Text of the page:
While some constraints are necessary to the correct performance of liturgy, both the nature of liturgical language and its wider setting argue for openness. In the case of language, examples are drawn from scripture, formal liturgy and hymns to suggest that their power derives in part from their open, poetic character. The multivalent character of metaphor can help draw worshipers into dialogue with God. Because all metaphors are partial and inevitably fail at some point, elimination is not the best response to perceived inadequacies but the introduction of complementary images. Equally, instead of viewing the setting as a constraint, as in the Hindu concept of darshan it should be seen as an opportunity for God to speak through human artefact. While architecture is briefly addressed, the main focus is on stained glass. Pope Gregory’s “Bible for the illiterate” is quite wrong. Once the rules behind particular styles are appreciated, not only can its power to communicate divine presence be activated but also at times original reflections that go well beyond the merely “illustrative.” Examples range from medieval glass at Canterbury, Chartres and Sens to the work of modern artists such as Harry Clarke, Tom Denny, and Douglas Strachan.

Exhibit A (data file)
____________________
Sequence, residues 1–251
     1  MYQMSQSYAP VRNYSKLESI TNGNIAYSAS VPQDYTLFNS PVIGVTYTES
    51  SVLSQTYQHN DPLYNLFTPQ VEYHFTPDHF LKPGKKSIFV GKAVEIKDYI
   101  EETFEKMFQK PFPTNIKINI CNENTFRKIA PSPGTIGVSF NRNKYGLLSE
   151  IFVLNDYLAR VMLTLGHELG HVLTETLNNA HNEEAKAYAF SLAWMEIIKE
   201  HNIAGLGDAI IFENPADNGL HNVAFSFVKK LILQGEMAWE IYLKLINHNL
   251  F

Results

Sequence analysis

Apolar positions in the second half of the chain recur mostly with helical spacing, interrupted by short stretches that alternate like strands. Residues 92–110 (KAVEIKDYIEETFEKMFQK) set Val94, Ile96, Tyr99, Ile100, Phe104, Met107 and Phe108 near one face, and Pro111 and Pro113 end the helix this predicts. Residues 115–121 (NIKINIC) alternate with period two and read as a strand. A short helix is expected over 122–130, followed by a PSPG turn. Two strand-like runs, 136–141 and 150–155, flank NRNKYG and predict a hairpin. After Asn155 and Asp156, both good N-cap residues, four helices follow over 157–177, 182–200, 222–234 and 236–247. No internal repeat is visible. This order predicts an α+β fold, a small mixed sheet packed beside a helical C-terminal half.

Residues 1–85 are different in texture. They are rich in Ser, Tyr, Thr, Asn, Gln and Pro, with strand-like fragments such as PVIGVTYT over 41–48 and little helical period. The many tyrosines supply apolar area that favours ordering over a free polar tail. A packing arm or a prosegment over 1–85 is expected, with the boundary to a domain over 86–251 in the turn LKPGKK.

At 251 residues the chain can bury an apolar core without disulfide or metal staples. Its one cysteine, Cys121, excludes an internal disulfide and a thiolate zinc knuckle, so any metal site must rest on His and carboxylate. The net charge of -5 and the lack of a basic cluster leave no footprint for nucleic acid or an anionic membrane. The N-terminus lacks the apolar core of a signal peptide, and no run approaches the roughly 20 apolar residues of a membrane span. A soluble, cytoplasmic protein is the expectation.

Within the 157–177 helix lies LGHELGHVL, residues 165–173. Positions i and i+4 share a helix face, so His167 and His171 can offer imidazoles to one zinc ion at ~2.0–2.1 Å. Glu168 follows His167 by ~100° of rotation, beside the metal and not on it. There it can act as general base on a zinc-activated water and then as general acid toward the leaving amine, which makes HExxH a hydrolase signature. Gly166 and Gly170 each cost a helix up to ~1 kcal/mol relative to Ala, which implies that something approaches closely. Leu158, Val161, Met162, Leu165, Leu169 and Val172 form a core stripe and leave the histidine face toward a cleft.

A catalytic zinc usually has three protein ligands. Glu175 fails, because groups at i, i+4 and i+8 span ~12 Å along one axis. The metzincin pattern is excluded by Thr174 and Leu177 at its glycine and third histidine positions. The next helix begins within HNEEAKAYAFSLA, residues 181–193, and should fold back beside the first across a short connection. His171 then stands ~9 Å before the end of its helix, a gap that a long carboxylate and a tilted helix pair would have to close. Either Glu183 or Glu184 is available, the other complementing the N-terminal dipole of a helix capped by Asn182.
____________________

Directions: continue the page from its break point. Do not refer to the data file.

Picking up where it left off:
Citation: Studia Liturgica
      PubDate: 2022-01-31T11:57:26Z
      DOI: 10.1177/00393207211049272
       
  • Christian Liturgy: The Gift of Devotional Digressions

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      Authors: Gerald C. Liu
      First page: 80
      Abstract: Studia Liturgica, Ahead of Print.